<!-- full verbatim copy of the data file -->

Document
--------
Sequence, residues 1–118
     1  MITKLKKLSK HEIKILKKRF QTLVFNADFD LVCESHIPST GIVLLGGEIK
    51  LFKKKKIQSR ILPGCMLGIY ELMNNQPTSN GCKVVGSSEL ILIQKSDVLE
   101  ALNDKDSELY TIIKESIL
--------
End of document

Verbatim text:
Sequence, residues 1–118
     1  MITKLKKLSK HEIKILKKRF QTLVFNADFD LVCESHIPST GIVLLGGEIK
    51  LFKKKKIQSR ILPGCMLGIY ELMNNQPTSN GCKVVGSSEL ILIQKSDVLE
   101  ALNDKDSELY TIIKESIL